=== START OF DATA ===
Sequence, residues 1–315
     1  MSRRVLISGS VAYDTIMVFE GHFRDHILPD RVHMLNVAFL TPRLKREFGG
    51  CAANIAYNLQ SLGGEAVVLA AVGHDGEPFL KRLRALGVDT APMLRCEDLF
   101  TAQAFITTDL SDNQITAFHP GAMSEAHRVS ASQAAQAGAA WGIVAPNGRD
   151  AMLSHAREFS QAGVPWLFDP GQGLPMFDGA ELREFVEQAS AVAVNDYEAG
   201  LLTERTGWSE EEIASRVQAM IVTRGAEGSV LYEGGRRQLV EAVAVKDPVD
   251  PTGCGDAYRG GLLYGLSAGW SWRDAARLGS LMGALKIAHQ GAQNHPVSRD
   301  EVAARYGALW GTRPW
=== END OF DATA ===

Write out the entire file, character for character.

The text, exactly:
Sequence, residues 1–315
     1  MSRRVLISGS VAYDTIMVFE GHFRDHILPD RVHMLNVAFL TPRLKREFGG
    51  CAANIAYNLQ SLGGEAVVLA AVGHDGEPFL KRLRALGVDT APMLRCEDLF
   101  TAQAFITTDL SDNQITAFHP GAMSEAHRVS ASQAAQAGAA WGIVAPNGRD
   151  AMLSHAREFS QAGVPWLFDP GQGLPMFDGA ELREFVEQAS AVAVNDYEAG
   201  LLTERTGWSE EEIASRVQAM IVTRGAEGSV LYEGGRRQLV EAVAVKDPVD
   251  PTGCGDAYRG GLLYGLSAGW SWRDAARLGS LMGALKIAHQ GAQNHPVSRD
   301  EVAARYGALW GTRPW